- When to File. If you have a pending divorce case a lender may not want to work with you until the divorce is final. From the lender’s perspective they want to make sure they know how much support someone is paying or receiving, and they also want to know if someone else will have an ownership interest in the house after the divorce. One strategy that people will sometimes use is to complete the refinance before the divorce and then file the divorce once the refinance is complete. If you are planning on doing this it is important that you answer your lender’s questions honestly about your situation. For example, if they ask you if you are about to go through a divorce and you know you are, then you need to disclose that information. Another strategy is to wait until the divorce is complete before filing for the refinance so you can provide the judgment to the lender immediately.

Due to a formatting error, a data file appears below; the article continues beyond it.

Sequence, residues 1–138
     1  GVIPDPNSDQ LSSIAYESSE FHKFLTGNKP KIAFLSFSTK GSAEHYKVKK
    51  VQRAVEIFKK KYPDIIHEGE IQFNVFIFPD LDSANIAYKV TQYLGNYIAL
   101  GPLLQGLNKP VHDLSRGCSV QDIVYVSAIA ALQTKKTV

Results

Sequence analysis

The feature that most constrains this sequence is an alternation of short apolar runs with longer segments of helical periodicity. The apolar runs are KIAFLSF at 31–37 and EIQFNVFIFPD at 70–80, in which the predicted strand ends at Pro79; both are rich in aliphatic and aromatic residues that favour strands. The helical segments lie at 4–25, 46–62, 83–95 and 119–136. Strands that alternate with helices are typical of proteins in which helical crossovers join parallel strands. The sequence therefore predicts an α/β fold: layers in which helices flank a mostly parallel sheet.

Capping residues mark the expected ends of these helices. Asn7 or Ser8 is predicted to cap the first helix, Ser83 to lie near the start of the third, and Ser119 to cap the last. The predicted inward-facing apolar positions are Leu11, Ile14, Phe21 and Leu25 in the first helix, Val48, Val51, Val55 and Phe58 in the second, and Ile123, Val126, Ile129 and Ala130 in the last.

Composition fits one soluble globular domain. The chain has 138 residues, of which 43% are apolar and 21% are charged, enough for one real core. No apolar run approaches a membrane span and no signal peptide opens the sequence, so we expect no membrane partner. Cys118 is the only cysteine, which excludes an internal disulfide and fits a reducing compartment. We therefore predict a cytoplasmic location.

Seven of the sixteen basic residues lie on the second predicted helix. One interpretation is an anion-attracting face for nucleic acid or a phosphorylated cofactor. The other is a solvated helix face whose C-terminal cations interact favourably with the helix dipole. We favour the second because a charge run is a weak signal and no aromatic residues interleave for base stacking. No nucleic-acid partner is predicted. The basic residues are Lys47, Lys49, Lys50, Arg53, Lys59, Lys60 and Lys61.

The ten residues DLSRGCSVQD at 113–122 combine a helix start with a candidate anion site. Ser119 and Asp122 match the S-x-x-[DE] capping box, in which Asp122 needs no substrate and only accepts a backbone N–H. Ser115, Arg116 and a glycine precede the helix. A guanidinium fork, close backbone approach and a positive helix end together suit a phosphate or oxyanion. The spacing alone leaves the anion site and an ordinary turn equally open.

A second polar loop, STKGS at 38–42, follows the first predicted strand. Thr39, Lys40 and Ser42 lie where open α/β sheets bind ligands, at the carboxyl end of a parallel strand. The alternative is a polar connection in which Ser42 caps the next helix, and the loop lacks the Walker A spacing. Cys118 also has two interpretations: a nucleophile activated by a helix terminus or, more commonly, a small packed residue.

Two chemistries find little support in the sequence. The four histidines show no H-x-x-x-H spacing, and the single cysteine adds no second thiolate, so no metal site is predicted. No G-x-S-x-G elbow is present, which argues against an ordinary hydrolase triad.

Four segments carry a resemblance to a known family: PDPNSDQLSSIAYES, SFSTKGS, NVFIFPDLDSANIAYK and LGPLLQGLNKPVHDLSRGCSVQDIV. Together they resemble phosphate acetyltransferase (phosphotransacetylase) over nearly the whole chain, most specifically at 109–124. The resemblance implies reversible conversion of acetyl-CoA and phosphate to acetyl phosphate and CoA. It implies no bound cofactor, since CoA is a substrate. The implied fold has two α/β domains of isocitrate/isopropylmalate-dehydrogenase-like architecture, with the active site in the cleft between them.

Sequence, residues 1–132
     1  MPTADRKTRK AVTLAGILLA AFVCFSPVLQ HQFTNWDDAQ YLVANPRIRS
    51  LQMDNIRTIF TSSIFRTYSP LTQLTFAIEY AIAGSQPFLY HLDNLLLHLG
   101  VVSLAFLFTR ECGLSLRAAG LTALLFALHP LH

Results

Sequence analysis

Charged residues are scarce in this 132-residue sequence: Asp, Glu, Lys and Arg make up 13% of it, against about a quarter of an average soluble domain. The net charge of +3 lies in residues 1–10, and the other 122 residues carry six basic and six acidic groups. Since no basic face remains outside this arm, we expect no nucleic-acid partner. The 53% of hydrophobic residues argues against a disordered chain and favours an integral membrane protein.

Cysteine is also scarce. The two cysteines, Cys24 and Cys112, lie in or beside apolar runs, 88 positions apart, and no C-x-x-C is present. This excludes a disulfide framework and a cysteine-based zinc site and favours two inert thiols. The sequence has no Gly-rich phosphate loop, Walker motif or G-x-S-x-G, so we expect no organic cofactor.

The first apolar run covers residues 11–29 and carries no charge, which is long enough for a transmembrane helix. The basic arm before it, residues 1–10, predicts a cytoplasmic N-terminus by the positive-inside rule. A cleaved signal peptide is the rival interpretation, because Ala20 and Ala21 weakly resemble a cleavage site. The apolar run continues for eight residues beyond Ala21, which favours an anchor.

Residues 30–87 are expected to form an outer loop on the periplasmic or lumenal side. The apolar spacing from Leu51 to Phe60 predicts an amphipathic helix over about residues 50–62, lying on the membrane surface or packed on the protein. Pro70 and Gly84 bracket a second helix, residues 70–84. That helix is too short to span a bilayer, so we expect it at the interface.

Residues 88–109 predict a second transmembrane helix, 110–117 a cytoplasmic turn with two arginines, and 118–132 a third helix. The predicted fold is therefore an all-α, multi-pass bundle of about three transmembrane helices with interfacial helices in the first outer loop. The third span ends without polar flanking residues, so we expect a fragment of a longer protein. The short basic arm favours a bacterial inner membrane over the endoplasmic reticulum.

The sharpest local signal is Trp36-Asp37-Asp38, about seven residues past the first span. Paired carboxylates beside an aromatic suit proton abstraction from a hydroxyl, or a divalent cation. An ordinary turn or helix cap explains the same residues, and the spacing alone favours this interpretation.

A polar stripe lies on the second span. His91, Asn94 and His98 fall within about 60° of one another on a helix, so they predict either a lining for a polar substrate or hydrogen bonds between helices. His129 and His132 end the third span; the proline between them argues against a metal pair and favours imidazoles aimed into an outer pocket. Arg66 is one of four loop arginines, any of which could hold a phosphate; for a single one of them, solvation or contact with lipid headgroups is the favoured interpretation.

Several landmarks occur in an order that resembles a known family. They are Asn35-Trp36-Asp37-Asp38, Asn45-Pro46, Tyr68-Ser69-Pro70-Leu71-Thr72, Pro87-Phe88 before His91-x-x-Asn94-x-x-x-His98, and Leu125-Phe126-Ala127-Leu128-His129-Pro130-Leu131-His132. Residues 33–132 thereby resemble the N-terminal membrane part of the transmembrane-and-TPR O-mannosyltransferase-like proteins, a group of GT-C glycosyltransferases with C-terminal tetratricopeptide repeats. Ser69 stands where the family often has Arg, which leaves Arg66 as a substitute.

- Timing of Refinance. It is important that you set a timeline on the refinance of the house. People will frequently agree that the former spouse can remain in the home for a period of time until the home sells or can be refinanced. If you are the person who moves out but your name is still on the mortgage, it is important from your perspective that you agree to a timeline by which your name must be off of the mortgage. This timeline might be as little as three or six months, or it could be several years. It is not unusual at all to agree to a timeline that allows a child to get through a certain school before requiring the refinance. If the refinance cannot be accomplished, then typically the judgment says that the home must be sold. Although this may seem harsh, the person who is not living on the home needs to know that they will be off the mortgage at some point. The person not living in the home may not be able to qualify for another mortgage until they are off the mortgage. Perhaps more significantly, being joint on a mortgage means that you are dependent on someone else paying the mortgage to make sure your credit doesn’t suffer.